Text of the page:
When you see The Wedding Plan, which you must, you will leave the theater with a joyful heart. Regardless of your degree of religious or spiritual attachment, your appreciation for how everything falls into place will be as ecstatic as that of a child watching a rabbit summoned from an empty hat. Rama Burshtein, writer/director, works her magic in unusual ways. Her heroine Michal, played by Noa Kooler in a bravura performance, is a 30-something religious woman who has been dropped by her fiance and is now facing the realization of how desperately she yearns for the closeness of marriage and the normalcy it signifies in her community. She wants to be the hostess at Shabbat dinners instead of the perennial guest; she wants the holy warmth of being with someone who will care for her as much as she will care for him - forever. Though this is typical of other versions of the “princess bride,” Michal is not. She reminded me of an ultra-orthodox iteration of Seinfeld’s Elaine - a curly-haired, dark-eyed hellion who can be stubborn and temperamental but always radiantly alive and unconventionally lovable. Despite the breakup of her engagement, Michal determines that if she arranges for a wedding on the 8th day of Chanukah , a holiday of miracles, God will provide the correct groom.
There is extraordinary diversity in the characters who walk through this plot and they offer a surprising novelty to the stereotypes most viewers will have of ultra-orthodox people. Michal’s family and friends are unexpected - a tall attractive mother who wishes her daughter were not so religious, a beautiful sister who is both petulantly demanding and dependably loving, a best friend who is overweight with miles of blonde rasta-braids and her own charisma, a roommate who betrays her yet is forgiven. Michal operates a travelling petting zoo, bringing biblical animals to schoolchildren in a colorful van and doing her best to overcome knee-jerk reactions of uninformed teachers about such animals as snakes. In a sense, this what Burshtein does to an audience which doesn’t understand the range of personalities within her own religious community. In a wonderful scene, Michal travels to Ukraine to pray at the tomb of Rabbi Nachman, a beloved chasid. As her defenses break down, she confesses out loud to her need for reassurance that God is with her; a voice appears from nowhere asking for her name and she is startled as the viewers. To say much more would be a spoiler but when you see the face of the speaker, your own will break into a smile twice as big as you thought possible.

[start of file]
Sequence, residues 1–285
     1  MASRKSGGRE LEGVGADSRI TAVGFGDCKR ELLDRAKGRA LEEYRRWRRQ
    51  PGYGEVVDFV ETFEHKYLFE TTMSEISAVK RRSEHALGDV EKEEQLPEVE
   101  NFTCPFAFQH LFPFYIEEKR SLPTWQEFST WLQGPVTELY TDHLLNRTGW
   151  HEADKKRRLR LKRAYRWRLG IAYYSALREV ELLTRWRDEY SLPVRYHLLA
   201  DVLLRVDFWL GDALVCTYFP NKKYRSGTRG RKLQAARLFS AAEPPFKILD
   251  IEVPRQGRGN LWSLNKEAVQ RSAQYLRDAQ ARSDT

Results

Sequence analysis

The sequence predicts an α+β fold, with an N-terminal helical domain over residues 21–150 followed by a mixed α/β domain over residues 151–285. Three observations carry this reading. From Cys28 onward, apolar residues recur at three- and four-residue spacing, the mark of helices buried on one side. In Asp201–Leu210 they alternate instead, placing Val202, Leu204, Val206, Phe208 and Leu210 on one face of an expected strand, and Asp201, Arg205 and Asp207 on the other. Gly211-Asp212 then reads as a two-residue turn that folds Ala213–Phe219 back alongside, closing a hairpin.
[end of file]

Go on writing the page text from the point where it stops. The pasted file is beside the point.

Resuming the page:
The parade of suitors arranged by matchmakers provide comic relief as well as a growing desparation that Michal will ever find what she is seeking. But this is a fairy tale for grownups with a glorious soundtrack of both religious and secular songs so you know that evntually, in ways that are difficult (but not impossible) to divine, Michal’s faith in God will be rewarded. See for yourself!!!
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